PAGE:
January started at home in Montreal, having a lovely time with friends visiting for New Year. Then there was a busy week in Chicago, and I flew from there to Florence on the tenth. So a truly excellent start to 2024, really. Everything I was reading this month was very long, which made me feel as if I’d been reading all the same things forever—normally I’ll be finishing something fairly regularly, but January I didn’t finish anything at all until the 22nd! I read only eight books, but some of them were enormous, and all of them were good.
Middlemarch, George Eliot (1871)
Re-read, for book club. It’s funny, really—this is a wonderful book, and a generous book, and one that is full of marvellous three-dimensional characters about whom I care a great deal, and yet all I want to do is take them out of their narrow world and give them another world where they can have more opportunities to be their best selves. And yet it is a book about how most of us do not do anything that visibly changes the world and yet we do have a powerful and lasting effect on it—that’s the theme, and no wonder I wrote a piece last time I read it pondering on how Eliot had a science-fictional sensibility. It’s clear-sighted and has a wide vision and it’s probably my favourite novel written in the nineteenth century. It’s a really fun read. And I want Dorothea to be a Steerswoman and Rosamund to live in the Culture.
Bartlett’s Poems for Occasions, edited by Geoffrey O’Brien (2007)
A large anthology of poetry organized by theme, containing a huge mix of poetry from all over the world and all through time, but with a concentration on things originally written in English in the last few centuries. I felt this mostly had good choices, and I loved the Chinese poems in almost every section. This is so long, and so full of poems, and I’ve been reading it for so long that it’s hard to assess. If you want a large comprehensive poetry anthology that will last you a while, then this is a pretty good one.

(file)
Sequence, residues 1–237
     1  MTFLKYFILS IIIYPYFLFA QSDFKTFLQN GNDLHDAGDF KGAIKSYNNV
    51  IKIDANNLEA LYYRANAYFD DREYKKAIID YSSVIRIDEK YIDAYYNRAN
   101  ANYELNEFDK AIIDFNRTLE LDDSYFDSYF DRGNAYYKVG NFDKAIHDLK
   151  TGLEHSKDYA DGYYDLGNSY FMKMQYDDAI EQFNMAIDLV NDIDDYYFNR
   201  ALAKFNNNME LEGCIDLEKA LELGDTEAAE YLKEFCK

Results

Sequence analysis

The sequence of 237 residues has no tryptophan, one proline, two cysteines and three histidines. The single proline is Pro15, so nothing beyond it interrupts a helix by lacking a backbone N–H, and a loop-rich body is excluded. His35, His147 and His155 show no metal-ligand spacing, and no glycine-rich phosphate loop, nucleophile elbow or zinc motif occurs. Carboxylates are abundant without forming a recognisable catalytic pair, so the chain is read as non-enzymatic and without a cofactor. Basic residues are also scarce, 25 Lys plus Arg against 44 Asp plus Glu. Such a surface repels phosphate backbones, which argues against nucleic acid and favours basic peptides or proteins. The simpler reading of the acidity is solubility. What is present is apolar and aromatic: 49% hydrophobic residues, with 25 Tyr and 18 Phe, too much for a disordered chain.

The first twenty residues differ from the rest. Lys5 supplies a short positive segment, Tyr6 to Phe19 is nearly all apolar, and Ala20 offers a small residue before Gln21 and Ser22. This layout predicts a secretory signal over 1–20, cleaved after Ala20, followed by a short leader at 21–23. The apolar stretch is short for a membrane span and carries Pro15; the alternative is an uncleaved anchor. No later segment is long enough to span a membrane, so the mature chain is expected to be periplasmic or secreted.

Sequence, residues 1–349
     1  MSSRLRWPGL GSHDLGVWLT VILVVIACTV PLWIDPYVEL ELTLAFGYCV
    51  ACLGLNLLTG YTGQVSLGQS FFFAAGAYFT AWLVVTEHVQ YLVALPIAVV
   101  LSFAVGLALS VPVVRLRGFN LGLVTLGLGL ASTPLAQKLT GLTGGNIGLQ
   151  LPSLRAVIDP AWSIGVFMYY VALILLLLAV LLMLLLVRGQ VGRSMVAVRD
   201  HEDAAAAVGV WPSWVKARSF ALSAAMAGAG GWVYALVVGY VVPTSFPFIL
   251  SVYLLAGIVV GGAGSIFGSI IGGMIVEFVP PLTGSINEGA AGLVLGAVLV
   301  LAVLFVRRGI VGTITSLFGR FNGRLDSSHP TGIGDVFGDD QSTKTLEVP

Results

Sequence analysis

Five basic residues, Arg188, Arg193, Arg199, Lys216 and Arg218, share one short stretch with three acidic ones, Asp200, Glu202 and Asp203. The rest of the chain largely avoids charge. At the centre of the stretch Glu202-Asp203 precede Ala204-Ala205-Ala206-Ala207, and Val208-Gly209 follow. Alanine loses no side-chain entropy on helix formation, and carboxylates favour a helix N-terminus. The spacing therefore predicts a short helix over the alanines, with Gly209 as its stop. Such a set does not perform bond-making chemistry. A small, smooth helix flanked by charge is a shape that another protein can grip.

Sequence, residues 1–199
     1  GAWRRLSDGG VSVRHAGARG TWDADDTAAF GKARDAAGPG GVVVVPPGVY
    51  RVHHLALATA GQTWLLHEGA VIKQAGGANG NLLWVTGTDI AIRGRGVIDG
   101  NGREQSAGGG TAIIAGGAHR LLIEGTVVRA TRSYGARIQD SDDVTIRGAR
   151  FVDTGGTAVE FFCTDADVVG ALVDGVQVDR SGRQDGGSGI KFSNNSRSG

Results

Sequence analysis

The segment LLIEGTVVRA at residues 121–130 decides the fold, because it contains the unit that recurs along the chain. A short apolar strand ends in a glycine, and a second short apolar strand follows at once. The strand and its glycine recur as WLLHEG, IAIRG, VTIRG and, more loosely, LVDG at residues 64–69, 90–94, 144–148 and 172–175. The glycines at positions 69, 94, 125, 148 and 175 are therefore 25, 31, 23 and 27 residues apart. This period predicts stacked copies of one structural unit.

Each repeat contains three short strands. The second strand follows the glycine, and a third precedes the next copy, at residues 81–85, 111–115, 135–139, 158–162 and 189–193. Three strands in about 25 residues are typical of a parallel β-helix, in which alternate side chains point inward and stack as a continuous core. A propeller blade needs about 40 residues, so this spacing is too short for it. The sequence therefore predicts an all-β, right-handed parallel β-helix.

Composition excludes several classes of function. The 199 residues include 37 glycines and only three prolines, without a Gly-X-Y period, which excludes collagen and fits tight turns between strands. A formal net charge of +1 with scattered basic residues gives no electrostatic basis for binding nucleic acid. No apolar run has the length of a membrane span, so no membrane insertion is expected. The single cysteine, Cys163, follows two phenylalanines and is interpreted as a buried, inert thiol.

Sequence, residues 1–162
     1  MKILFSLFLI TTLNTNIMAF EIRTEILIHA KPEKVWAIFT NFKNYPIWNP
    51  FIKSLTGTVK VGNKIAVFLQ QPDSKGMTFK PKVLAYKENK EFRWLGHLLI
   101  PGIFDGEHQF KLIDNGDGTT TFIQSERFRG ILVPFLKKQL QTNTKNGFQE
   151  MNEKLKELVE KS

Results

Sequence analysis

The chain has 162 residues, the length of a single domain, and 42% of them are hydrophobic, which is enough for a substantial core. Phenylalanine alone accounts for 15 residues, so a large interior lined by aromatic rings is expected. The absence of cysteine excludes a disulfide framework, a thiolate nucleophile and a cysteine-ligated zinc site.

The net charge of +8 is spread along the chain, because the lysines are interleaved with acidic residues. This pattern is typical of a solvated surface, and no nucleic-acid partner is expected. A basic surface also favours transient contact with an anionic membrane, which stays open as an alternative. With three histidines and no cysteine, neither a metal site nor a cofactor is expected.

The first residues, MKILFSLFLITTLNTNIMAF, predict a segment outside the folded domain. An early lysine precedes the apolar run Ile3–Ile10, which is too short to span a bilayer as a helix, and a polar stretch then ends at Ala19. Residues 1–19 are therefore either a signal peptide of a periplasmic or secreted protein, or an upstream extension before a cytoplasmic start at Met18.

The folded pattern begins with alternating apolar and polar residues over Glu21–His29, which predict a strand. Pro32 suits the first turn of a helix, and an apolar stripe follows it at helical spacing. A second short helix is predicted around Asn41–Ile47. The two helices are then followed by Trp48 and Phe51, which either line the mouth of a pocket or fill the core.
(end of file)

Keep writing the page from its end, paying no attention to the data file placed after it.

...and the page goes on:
Furious Heaven, Kate Elliott (2023)
Sequel to Unconquerable Sun and it continues to be Alexander the Great in space. For me half the fun is seeing how she does the Alexander parallels and how she’s going to do different things, and the other half is liking the actual science-fictional worldbuilding. These things are not unrelated, as the worldbuilding is making the Alexander parallels work, but it’s interesting in its own right. This book is very long, and the prequel was not short, and I feel like I’ve spent a lot of time in this world recently. But now there’s rather a long wait until the third book, Lady Chaos, is going to answer my questions. The thing I most want to know is whether she’s going to go on into the Funeral Games period, because it could be really, really interesting if she does. But there’s a long way to go before we get there. Meanwhile this is excellent.
Margot at War: Love and Betrayal in Downing Street, 1912-1916, Anne de Courcy (2014)
I love Anne de Courcy, and she brings so much to biography. She was constantly quoting other people about the major world events happening around her protagonists and giving other angles on them, from letters and diaries of people you wouldn’t ordinarily hear from in a book like this, like a girl on holiday in Cowes the week WWI broke out, and the Fabian Beatrice Webb. Margot Asquith was married to the prime minister during the first half of World War I, and he was having a chaste but obsessive affair with his daughter’s friend Venetia Stanley, writing her multiple letters every day. De Courcy brings clear-eyed scrutiny to the whole situation and all the people involved, and a level of detail that almost feels like knowing them all personally. It’s a world that doesn’t exist anymore, and good riddance too, but it’s a fascinating place to visit like this.